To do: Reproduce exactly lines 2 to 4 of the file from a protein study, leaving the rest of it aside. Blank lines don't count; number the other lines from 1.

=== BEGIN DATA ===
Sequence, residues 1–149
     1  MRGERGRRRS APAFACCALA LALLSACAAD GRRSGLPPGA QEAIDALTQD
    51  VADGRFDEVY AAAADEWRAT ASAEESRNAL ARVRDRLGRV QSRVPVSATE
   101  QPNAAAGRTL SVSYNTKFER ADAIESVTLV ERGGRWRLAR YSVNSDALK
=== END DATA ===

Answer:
     1  MRGERGRRRS APAFACCALA LALLSACAAD GRRSGLPPGA QEAIDALTQD
    51  VADGRFDEVY AAAADEWRAT ASAEESRNAL ARVRDRLGRV QSRVPVSATE
   101  QPNAAAGRTL SVSYNTKFER ADAIESVTLV ERGGRWRLAR YSVNSDALK